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Nanotechnology

Electronics

Buckyballs and diamondoids combined to create molecule-sized diode

Scientists working at the Stanford Institute for Materials and Energy Sciences (SIMES) claim to have created a molecule-sized electronic component just a few nanometers long that conducts electricity in only the one direction. In essence, a rectifier diode, but one so small that it may one day help replace much bulkier diodes and other semiconductors found on today's integrated circuits to produce incredibly compact, super-fast electronic devices.Read More

Medical

Organs-on-Chips emulate human organs, could replace animals in tests

The search for more efficient tests of pharmaceuticals without animal models is taking a stride forward, with a new technology being developed in the US called Organs-on-Chips. The new miniature platform and software, which mimic the mechanical and molecular characteristics of human organs, were developed by bioengineers from the Wyss Institute for Biologically Inspired Engineering at Harvard University. Read More

Electronics

Stable lithium anode may triple battery efficiency

Stanford University researchers claim to have created the first stable pure lithium anode in a working battery by using carbon nanospheres as a protective sheath to guard against degradation. As a result, the researchers predict that commercial developments may eventually result in anything up to a quadrupling of battery life in the not-too-distant future.Read More

Electronics

CoeLux skylight brings "sunlight" to windowless spaces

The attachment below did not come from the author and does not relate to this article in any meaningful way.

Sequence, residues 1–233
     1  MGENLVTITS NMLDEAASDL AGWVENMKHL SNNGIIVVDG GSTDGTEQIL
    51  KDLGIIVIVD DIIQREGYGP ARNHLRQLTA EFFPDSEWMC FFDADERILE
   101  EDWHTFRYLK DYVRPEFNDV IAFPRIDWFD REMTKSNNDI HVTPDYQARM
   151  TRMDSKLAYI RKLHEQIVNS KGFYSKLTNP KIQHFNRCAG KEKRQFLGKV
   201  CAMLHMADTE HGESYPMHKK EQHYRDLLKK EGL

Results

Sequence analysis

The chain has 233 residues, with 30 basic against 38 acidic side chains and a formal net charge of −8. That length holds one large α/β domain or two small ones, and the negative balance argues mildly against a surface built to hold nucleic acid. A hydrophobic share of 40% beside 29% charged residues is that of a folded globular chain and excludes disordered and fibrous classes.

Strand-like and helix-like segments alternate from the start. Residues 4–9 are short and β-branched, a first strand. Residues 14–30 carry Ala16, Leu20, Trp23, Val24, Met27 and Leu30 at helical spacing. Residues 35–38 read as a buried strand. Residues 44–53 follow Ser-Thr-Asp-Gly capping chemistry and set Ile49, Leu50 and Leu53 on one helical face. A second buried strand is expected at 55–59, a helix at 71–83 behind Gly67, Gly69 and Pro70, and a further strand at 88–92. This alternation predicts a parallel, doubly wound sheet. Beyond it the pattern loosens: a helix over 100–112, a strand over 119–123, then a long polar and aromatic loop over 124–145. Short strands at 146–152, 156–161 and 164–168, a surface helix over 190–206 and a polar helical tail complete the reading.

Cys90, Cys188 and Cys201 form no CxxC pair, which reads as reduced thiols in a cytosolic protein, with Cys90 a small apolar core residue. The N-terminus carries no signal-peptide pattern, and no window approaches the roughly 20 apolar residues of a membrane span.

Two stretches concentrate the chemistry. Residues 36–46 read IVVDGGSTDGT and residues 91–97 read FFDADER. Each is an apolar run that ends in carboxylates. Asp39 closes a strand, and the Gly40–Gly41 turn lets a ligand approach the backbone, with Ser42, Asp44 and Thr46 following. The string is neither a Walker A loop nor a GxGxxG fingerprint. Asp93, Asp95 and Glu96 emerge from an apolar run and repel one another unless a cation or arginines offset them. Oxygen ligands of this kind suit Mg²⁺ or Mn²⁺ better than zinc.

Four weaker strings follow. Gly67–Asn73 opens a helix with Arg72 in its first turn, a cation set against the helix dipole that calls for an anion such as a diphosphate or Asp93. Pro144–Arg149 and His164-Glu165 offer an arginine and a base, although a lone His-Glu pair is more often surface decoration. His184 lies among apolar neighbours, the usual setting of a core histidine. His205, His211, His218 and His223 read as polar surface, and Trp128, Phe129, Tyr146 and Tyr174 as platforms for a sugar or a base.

For residents living in the north, where sunlight can be a rare commodity during the winter, a psychological condition known as Seasonal Affective Disorder is a very real problem. Light therapy is one way to shake off the winter blues, and although artificial lighting solutions do exist, they are generally available as simple variations on traditional desk lamps. An Italian designer has developed CoeLux, a unique system that delivers artificial light through an intelligent false skylight.Read More

Electronics

Researchers create flexible wires that could double as batteries

We literally live in a wired world, with wires snaking hither and yon transmitting electricity and data. Many are visible, while many more are hidden in the walls of buildings, the panels of cars, and the fuselage of aircraft. Now, imagine; what if we were able to turn each and every one of these into a battery that not only transmitted electricity but stored it too? Well, two researchers from the University of Central Florida (UCF) imagined that too, and came up with a way to use nano-technology to make wires with supercapacitance that may eventually also double as batteries.Read More

Electronics

World's smallest comic carved into a strand of human hair

Advances in technology have given rise to an abundance of ways to share our stories. There's messaging services for the short and sharp, blogging platforms for the long-winded and, as it happens, single strands of human hair for microscopic comic strips. Created for the Exceptional Hardware Software Meeting (EHSM) in Germany next month, "Juanita Knits the Planet" is the world's smallest comic strip, detailing a day in the life of Juanita, a ten micron-tall girl-turned-robot.Read More

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